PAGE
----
As the debate about U.S. missile defense unfolds, it is important to remember the basics of leadership and vision. An example of the opposite -- timidity and shortsightedness -- is the recycled Cold War argument of Philipp C. Bleek and Frank N. von Hippel in their Dec. 12 op-ed piece ["Missile Defense: A Dangerous Move"].

The writers argue that "cooperative efforts" toward international security would be "derailed by a U.S. decision to go it alone in pursuit of illusory defenses." That theory, never very compelling, is entirely unpersuasive today, when we face a burgeoning missile threat and have effective defenses against it within our grasp.

Their argument against missile defense rests on two principal points. First, they contend, attacks by rogue states such as North Korea or Iran are improbable. "The desire for prestige and bargaining leverage may motivate North Korea and Iran to acquire intercontinental ballistic missiles," they write. "But these missiles are unlikely vehicles for a deliberate nuclear attack -- unless a country wants to commit suicide."

If indeed an increasing number of rogue states see missile capability as useful for blackmail and coercion, you might think that would be enough to spur American leaders to take steps to diminish that leverage and clout. Moreover, missile defense is not just about protection from "deliberate" attacks. It would be egregiously irresponsible not to defend against an equally deadly accidental launch.

But why are Bleek and von Hippel convinced that a deliberate attack by a rogue state is so unlikely? The bipartisan Rumsfeld Commission, which released its sobering report on ballistic missile threats in July 1998, concluded that a number of nations are working to acquire "ballistic missiles with biological or nuclear payloads." A rogue nation, the commission concluded, could have the capability to strike the United States in as little as five years.

The consensus on the Rumsfeld Commission's findings has only broadened since it came out. The 1999 National Intelligence Estimate (NIE), representing the combined judgment of all U.S. intelligence agencies, underscores the fact. The NIE states that "the proliferation of medium-range ballistic missiles -- driven primarily by North Korean No Dong [missile] sales -- has created an immediate, serious, and growing threat to U.S. forces, interests, and allies, and has significantly altered the strategic balances in the Middle East and Asia."

Still, Bleek and von Hippel argue that the missile threat is overblown. They are concerned that missile defense is not foolproof. An attacker, after all, could still carry out an assault with a "boat or a civilian aircraft." What's more, the missiles of an adversary "would certainly be equipped with countermeasures" so that a missile, even one launched accidentally, "could penetrate the system."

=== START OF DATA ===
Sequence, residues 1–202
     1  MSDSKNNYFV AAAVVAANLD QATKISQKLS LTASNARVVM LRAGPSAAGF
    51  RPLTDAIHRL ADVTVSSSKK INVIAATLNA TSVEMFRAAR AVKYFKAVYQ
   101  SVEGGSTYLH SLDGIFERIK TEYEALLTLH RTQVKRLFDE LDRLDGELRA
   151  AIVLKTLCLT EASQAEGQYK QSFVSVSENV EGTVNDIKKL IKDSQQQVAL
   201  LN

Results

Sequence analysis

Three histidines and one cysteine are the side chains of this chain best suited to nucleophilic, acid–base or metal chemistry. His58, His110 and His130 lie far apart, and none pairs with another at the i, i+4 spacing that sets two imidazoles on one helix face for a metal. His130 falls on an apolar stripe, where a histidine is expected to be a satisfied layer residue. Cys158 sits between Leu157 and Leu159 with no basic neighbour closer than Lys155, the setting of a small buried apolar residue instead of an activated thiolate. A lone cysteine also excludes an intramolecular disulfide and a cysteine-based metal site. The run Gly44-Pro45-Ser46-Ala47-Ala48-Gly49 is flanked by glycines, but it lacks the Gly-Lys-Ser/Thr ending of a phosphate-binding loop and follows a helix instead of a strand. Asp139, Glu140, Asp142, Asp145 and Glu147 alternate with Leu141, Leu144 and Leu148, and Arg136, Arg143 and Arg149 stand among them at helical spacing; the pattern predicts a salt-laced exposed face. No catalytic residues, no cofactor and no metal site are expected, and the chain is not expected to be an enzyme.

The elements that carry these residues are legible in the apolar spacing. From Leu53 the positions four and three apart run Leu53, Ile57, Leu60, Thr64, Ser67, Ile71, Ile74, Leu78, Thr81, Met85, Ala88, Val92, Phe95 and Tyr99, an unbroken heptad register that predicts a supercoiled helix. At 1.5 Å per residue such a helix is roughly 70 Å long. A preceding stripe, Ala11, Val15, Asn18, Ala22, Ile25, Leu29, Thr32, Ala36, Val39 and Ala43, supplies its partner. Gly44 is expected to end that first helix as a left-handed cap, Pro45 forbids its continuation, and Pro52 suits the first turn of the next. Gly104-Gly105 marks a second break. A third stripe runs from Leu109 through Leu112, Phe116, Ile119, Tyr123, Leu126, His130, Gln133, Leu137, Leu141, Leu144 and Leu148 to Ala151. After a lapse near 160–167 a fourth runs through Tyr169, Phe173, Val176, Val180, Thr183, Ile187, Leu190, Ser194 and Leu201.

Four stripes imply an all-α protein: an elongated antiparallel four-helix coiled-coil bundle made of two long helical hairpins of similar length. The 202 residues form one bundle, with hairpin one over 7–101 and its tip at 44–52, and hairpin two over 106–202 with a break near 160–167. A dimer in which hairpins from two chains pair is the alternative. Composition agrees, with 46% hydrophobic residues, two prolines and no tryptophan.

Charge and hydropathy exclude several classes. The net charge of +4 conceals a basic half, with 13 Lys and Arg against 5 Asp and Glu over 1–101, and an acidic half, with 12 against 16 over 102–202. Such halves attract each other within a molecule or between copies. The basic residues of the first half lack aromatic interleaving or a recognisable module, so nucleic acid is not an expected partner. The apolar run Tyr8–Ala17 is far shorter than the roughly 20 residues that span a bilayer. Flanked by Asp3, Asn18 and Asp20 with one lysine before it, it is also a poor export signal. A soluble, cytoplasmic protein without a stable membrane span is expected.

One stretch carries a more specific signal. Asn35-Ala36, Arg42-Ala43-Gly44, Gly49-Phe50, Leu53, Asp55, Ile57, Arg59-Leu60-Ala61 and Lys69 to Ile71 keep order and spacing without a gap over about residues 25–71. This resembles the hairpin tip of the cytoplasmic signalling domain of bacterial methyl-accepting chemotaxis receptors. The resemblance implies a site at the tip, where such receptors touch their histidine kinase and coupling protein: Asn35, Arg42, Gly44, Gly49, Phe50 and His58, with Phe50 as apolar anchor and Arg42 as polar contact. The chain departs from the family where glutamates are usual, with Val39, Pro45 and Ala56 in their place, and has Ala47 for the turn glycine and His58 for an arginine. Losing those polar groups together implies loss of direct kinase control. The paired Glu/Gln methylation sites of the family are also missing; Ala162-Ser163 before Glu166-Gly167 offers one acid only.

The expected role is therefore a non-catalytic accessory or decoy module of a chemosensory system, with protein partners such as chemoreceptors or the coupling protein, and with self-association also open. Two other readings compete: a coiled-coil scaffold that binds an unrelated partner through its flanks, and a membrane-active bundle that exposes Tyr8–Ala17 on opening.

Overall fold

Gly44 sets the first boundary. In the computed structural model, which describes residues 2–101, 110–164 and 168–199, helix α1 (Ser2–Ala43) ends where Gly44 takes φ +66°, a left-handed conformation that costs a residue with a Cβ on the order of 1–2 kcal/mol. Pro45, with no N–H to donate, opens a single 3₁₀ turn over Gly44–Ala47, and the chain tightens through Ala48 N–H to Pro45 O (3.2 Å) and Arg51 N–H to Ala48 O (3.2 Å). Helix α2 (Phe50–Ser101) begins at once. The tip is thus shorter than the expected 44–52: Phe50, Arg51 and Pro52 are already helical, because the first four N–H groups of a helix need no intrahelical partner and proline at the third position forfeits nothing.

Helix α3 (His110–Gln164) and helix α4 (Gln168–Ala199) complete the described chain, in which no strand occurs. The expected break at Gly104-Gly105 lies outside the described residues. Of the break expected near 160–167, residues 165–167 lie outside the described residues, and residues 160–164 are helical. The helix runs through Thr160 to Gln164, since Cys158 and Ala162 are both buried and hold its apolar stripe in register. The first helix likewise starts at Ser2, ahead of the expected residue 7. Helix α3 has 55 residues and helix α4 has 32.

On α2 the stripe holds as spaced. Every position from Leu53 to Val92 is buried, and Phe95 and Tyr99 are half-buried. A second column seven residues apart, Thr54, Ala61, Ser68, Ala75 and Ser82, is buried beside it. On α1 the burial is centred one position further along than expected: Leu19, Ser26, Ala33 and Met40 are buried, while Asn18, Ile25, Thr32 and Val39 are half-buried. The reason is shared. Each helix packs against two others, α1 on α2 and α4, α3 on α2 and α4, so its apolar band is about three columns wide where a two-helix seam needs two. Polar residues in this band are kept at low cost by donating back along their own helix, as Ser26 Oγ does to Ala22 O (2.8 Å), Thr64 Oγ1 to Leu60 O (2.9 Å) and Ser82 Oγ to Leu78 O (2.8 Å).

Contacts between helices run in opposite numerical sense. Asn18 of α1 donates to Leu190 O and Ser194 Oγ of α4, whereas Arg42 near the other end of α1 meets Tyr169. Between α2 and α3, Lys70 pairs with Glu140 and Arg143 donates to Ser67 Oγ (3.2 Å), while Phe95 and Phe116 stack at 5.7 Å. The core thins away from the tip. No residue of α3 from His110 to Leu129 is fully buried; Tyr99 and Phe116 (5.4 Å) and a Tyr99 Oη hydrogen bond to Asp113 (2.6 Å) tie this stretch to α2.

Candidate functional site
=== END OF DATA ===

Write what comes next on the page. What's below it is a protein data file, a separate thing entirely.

Of course no defense system is ever infallible. Nor is missile defense intended as a means of dealing with the full spectrum of threats facing the United States. But this is an argument for doing nothing. The ballistic missile threat continues to be the primary threat facing the United States. Ballistic missiles are a cost-effective delivery system: Whether short- or long-range, they carry a high probability of delivering their payload to a target.

In the hands of the wrong people, moreover, they become a powerful geopolitical weapon. Would the United States and its allies have liberated Kuwait if Saddam had possessed an intercontinental ballistic missile with a nuclear warhead?

What about countermeasures? To every measure there is a countermeasure, to be sure. But America's strength is the immense and growing technological edge it has on its adversaries, real and potential. We may never be perfectly invulnerable, but the right missile defense system will considerably lower the risk of a missile's reaching the United States.

Bleek and von Hippel cite Russian, Chinese and European objections to a missile defense. "The most effective protection against nuclear weapons," they write, "is to strengthen the nuclear nonproliferation and disarmament regime."

It's true the Russians and Chinese object to current U.S. plans, and that our allies worry about a new arms race. But China and Russia know they have nothing to fear from American missile defense. The United States pursues cooperative policies toward both. Can anyone imagine how either China or Russia would profit by turning its back on the West? Moscow once opposed German unification and NATO expansion, too. But confidence and conviction on our part proved ultimately persuasive, and the sky did not fall.

There is no evidence to suggest that constructive arms control and nonproliferation policies are incompatible with prudent steps toward missile defense. It's time to leave the old Cold War thinking behind and get on with the task of defending the American people and our allies.

Jeffrey Gedmin is a resident scholar at the American Enterprise Institute. Jon Kyl is a Republican senator from Arizona and a member of the Senate Intelligence Committee.